This must be one of the more strange evolutions of an idea in capitalist history …
George Laurer, Who Developed the Bar Code, Is Dead at 94.
George J. Laurer, whose design of the vertically striped bar code sped supermarket checkout lines, parcel deliveries and assembly lines and even transformed human beings, including airline passengers and hospital patients, into traceable inventory items, died on Dec. 5 at his home in Wendell, N.C., near Raleigh. He was 94 …
The Universal Product Code made its official debut in 1974, when a scanner registered 67 cents for a 10-pack of Wrigley’s Juicy Fruit chewing gum at a Marsh supermarket in Troy, Ohio …
The bar code had evolved over several decades, a product of several collaborators and some fluky coincidences.
The first to lend his expertise was N. Joseph Woodland, an alumnus of the Manhattan Project, developer of the atomic bomb. As an undergraduate at what is now Drexel University in Philadelphia, he had perfected an efficient system for playing music in elevators and planned to market it commercially until his father intervened, insisting that the elevator music industry was controlled by organized crime.
Mr. Woodland was earning a master’s degree at Drexel in the late 1940s when a supermarket executive visiting the university’s engineering school urged students there to develop a practical means of digitally storing product data. With a classmate, Bernard Silver, Mr. Woodland devised a circular symbol resembling a bull’s-eye in which the information could be encoded. But they were ahead of their time: Commercial scanners and microprocessors that could interpret the code were not yet widely available.
In 1951, after abandoning a planned career as a television repairman, Mr. Laurer joined IBM, where he was asked to design a code for food labels modeled on the Woodland-Silver bull’s-eye and compatible with a new generation of optical scanners. But he found that the circular symbol was too blurry when reproduced on high-speed printing presses; instead he developed a rectangular design, with 95 bits of data in binary code containing consumer product information.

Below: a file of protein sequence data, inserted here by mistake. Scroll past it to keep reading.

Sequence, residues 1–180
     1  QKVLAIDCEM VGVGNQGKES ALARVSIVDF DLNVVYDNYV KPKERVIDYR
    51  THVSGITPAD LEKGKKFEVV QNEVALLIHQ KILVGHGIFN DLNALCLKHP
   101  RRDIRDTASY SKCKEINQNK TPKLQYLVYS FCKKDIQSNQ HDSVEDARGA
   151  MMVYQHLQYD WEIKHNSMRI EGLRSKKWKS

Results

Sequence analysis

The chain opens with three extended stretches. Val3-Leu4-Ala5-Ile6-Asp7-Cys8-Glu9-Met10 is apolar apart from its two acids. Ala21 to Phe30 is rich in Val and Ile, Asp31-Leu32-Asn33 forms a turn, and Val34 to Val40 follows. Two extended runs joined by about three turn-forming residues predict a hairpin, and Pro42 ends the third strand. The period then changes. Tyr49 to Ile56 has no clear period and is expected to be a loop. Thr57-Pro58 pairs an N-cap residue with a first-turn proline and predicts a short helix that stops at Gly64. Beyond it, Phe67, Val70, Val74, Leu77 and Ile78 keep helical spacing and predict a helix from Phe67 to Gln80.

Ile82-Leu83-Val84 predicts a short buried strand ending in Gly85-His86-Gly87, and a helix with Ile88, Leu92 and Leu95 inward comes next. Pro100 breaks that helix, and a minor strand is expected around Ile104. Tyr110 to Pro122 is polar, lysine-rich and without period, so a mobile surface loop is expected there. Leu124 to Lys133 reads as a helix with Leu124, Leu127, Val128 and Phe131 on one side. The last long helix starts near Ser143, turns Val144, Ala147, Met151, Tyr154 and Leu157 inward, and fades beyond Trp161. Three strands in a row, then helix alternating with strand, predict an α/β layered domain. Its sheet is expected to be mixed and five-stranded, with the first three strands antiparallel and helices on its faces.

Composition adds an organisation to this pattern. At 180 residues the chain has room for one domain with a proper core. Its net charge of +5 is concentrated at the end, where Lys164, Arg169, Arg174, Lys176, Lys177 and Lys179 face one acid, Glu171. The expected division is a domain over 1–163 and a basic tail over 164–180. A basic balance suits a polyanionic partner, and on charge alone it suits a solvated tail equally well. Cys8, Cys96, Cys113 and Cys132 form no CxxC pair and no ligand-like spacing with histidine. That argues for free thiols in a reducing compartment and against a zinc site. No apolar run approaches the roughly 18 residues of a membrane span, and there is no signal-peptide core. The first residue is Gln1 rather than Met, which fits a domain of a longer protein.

Enter Alan L. Haberman, a supermarket executive who headed the Uniform Grocery Product Code Council, which had been organized to choose a universal product code symbol. He favored Mr. Laurer’s design, but the members of his committee were split.
Mr. Haberman reconciled their differences over dinner at a San Francisco restaurant and then invited them to a screening of the X-rated film “Deep Throat.” In April 1973, the committee unanimously voted for the bar code that has appeared on billions of items since.
Meanwhile … Dilemma for clock face as smartphone generation loses ability to tell the time.
Time is ticking for the traditional clock face as the smartphone generation loses the ability to tell the time.
More than a fifth of 18 to 24-year-olds struggle to understand a conventional clock with hands and only half of this age group, known as Generation Z, say that they never struggle to tell the time.
Millennials, who reached adulthood in the early part of this century, do little better: nearly one in five 25 to 34-year-olds admits that they also have difficulty with the big and little hands.